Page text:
Modern Medicine Cases
The primary care physician (PCP) faces several challenges in the diagnosis and treatment of gout. These are related to the nature of the primary care setting; the intermittent nature of gout flares; and the lack of established, evidence-based guidelines for treating gout, including when to initiate chronic therapy, how and when to used concomitant anti-inflammatory prophylaxis, and the need to consider multiple comorbidities in choosing treatments. The case study presented here can be used to assist PCPs in developing practical approcahes to manage gout. A rheumatologist discusses practical responses to assessment, diagnosis, treatment, patient education, and follow-up. Rationales supporting each decision are provided to exemplify approaches based on current evidence.
As part of his preparation for retirement, a 66-year-old executive undergoes a complete physical examination. He is in good health and has no symptoms to report. Along with other age-appropriate screening studies, you discuss testing for vascular disease with him.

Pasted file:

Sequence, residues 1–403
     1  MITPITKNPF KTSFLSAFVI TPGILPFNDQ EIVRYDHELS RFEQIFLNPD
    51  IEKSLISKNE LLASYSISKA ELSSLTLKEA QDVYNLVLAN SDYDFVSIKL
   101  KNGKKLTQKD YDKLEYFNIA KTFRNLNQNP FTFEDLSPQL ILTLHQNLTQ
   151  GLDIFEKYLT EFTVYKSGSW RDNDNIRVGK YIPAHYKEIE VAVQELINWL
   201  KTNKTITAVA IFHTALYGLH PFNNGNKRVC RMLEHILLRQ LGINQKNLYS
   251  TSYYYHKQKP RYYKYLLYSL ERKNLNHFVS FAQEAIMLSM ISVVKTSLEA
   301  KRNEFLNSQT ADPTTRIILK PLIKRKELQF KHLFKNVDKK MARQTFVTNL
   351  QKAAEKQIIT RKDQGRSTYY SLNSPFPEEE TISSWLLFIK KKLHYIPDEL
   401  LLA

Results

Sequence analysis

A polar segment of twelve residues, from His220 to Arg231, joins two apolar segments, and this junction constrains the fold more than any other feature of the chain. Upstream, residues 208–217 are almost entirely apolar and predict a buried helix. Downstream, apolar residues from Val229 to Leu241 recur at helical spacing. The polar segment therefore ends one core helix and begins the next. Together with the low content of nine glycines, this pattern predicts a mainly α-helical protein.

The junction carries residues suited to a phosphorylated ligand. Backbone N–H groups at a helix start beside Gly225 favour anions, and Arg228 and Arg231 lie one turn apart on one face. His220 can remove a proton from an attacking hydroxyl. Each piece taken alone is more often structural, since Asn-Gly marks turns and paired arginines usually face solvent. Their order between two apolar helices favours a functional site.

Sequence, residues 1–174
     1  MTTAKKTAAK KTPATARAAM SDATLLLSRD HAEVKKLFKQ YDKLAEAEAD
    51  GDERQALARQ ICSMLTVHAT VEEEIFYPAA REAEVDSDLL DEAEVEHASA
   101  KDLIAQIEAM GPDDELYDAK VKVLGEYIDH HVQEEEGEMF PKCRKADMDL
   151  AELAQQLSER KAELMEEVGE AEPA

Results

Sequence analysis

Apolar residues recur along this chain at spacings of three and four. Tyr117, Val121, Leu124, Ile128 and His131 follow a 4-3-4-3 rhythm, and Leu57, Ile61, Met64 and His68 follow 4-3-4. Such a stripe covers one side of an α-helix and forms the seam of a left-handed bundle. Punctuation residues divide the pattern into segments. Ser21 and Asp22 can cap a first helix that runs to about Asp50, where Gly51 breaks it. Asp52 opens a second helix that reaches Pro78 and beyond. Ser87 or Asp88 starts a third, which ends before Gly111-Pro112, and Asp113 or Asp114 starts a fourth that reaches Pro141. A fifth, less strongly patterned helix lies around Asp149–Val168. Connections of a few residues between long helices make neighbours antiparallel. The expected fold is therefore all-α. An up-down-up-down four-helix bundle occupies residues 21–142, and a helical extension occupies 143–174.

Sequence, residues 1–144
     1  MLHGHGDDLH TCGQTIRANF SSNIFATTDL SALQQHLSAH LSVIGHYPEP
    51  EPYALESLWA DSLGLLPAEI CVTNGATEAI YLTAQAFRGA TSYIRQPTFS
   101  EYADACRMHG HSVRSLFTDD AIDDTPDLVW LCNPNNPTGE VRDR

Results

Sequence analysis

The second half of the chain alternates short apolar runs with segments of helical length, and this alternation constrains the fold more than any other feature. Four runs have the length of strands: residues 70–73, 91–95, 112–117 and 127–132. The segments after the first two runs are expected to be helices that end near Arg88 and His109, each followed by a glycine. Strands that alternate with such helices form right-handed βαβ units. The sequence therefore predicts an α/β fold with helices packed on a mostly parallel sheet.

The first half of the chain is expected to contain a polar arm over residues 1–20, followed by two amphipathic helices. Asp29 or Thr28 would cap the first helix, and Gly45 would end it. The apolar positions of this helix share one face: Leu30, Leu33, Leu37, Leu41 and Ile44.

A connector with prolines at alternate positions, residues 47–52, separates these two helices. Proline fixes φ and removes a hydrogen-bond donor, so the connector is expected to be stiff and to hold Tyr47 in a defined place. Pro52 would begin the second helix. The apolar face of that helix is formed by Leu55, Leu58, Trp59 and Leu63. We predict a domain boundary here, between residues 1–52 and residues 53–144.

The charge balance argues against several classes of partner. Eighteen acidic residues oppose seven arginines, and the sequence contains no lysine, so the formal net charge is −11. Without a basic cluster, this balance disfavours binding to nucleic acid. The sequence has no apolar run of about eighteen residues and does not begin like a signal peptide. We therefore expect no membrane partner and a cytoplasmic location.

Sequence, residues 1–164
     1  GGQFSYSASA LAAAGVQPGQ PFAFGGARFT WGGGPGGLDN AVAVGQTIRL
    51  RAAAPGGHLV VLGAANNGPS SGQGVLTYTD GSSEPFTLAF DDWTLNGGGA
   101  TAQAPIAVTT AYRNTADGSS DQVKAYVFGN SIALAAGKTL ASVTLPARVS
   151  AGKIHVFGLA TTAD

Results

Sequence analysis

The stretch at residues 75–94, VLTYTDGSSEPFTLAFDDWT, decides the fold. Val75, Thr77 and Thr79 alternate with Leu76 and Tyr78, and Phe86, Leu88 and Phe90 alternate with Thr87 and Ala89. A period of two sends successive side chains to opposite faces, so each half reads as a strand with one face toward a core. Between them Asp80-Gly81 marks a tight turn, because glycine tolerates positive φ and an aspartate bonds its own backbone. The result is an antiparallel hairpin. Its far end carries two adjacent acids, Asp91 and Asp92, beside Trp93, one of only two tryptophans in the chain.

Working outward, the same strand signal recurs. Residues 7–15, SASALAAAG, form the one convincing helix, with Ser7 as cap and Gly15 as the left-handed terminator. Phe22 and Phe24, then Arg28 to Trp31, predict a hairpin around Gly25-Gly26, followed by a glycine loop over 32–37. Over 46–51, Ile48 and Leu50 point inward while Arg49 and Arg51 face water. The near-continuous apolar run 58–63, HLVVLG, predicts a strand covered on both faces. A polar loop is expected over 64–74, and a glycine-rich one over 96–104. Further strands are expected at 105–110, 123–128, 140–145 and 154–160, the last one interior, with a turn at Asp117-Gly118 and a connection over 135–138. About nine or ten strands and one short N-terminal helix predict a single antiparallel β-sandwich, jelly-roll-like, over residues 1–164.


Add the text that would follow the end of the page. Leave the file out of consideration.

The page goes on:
My patient is a man in his early 70s who complains of lack of strength. His testosterone level is low, and his B12 level is low-normal.
The morning after an 88-year-old woman with symptomatic second-degree type I (Wenckebach) atrioventricular block underwent placement of a dual chamber pacemaker without complication, she awoke with uncomfortable pulsations in her abdomen.
An 18-year-old girl presented with a red, scaly rash on her cheeks that had been scabbing over, peeling, and draining. She had had similar reactions to earrings and inexpensive jewelry. The appearance of the rash coincided with the use of a new cell phone.
This darkly pigmented lesion on the left arm of a 27-year-old man had been present since birth and had slowly enlarged over the past 2 months.
Each year, more than 4.7 million Americans are bitten by a dog. Of those, about 800,000—half of whom are children—seek medical attention.1 The majority of reported animal bites are dog bites.
A 54-year-old woman presents with an asymptomatic rash of sudden onset on both malar cheeks that developed 1 day earlier. She denies any facial trauma.